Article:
Kauff, M., Schmid, K., and Christ, O., “When good for business is not good enough: Effects of pro-diversity beliefs and instrumentality of diversity on intergroup attitudes” (2020). PLOS ONE 15(6).
Background & Theory:
As the implementation of diverse groups has increased over the past few years in organizations, many have claimed that diverse groups should be utilized because they increase group performance compared to non-diverse groups. However, this belief that diversity in groups holds a functional benefit may have unintended consequences. This 2020 study, published in PLOS ONE, examines this belief, otherwise known as, “instrumentality-based pro-diversity beliefs,” to see if holding such an ideology leads to positive or negative attitudes towards a given outgroup, especially when the outgroup does not benefit group performance.
Research was conducted by Kauff et al. to answer the following question:
- What is the effect of instrumentality-based pro-diversity beliefs on attitudes towards the outgroup when a diverse group does not benefit group performance?
Hypotheses were tested through four experimental studies. The first study utilized data from 136 participants, measured instrumentality-based pro-diversity beliefs, and had participants collaborate with each other online on a task. Studies 2-4 focused on the differentiation between instrumentality-based and justice-based pro-diversity beliefs, utilizing larger groups. The second study utilized questionnaire data from 415 participants on the topic of attitudes towards refugees during the 2015 refugee crisis. The third study utilized data from 780 participants and measured the effects of the actual instrumentality of refugees for communities through a reading comprehension exercise. The fourth study utilized data from 345 participants and measured actual instrumentality just like the third study. The majority of the surveys used Likert-style point scales.
The results from multiple studies did not reveal conclusive evidence to support research theories. However, one can argue that preliminary evidence was found for some ideas. The results revealed that detrimental instrumentality (i.e. the collaboration of diverse group members leads to detrimental group performance) had a weak mitigating effect on the positive relationship between instrumentality-based pro-diversity beliefs and favorable outgroup attitudes. Additionally, weak evidence was found that the presence of a positive effect from instrumentality-based pro-diversity beliefs on outgroup attitudes only occurred when positive instrumentality was salient. In other words, some evidence was found that the belief that diversity benefits group performance led to positive attitudes about a given outgroup only when it was proven that the diversity of the outgroup led to better group performance.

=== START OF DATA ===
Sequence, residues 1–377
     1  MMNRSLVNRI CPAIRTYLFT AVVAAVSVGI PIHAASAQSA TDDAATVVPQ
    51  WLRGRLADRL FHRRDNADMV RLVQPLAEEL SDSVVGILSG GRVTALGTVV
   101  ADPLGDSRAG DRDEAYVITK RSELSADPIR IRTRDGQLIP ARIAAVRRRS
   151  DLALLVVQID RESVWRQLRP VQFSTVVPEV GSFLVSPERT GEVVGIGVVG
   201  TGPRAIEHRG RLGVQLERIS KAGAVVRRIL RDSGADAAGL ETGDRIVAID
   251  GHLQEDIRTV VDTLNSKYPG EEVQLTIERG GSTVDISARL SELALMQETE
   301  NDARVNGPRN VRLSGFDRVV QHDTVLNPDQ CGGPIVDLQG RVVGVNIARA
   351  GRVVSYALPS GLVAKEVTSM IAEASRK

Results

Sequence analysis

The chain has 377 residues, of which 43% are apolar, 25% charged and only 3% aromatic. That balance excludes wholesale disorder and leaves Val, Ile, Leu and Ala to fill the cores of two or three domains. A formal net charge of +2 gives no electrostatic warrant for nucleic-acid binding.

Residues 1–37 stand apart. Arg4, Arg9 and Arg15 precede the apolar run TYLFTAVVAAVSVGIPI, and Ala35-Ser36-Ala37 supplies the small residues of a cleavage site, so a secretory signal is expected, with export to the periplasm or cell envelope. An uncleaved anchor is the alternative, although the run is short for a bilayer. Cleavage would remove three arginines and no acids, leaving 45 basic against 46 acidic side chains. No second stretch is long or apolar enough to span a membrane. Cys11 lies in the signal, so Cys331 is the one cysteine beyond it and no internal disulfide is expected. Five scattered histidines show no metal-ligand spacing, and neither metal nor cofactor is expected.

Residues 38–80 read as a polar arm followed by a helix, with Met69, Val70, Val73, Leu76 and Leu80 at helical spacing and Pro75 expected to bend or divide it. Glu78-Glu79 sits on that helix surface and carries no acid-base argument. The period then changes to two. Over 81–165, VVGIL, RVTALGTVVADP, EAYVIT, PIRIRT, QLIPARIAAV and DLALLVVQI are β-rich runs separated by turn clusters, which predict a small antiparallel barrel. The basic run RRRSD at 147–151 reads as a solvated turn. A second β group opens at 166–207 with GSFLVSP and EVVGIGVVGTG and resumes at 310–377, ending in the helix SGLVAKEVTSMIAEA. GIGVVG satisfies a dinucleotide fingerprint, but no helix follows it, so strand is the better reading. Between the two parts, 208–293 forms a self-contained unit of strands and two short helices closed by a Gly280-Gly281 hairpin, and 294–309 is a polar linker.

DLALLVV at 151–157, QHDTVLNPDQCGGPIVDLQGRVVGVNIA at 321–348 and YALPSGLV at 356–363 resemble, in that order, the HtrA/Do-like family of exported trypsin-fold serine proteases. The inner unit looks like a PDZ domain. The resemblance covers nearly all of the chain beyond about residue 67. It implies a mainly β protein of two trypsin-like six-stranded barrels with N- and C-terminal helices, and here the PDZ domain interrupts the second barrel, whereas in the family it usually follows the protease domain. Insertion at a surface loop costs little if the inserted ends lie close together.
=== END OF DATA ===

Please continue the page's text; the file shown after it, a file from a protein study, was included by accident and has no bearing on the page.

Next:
What We Can Learn:
Looking over this research, we can take away the following key insight:
- This study did not find evidence that supported the claim that belief of detrimental effects of diversity leads to reduced positive effects of instrumentality-based pro-diversity group attitudes. However, some evidence supported the assumption that instrumentality-based pro-diversity beliefs create a negative attitude of the ethnic outgroup when ethnic diversity was perceived as having a negative impact on group functioning.
For Consultants: Using instrumental-based pro-diversity beliefs alone as a justification for utilizing diverse groups may create conflict and a negative perception of the outgroup if diverse groups do not perform well. Organizations, therefore, may find it helpful to create organizational-wide beliefs for why they believe in utilizing diverse groups outside of only the instrumentality of diversity.
For Everyone: It may be helpful to be aware of how your own ideas of the functionality of diversity could lead to negative perceptions of certain outgroups.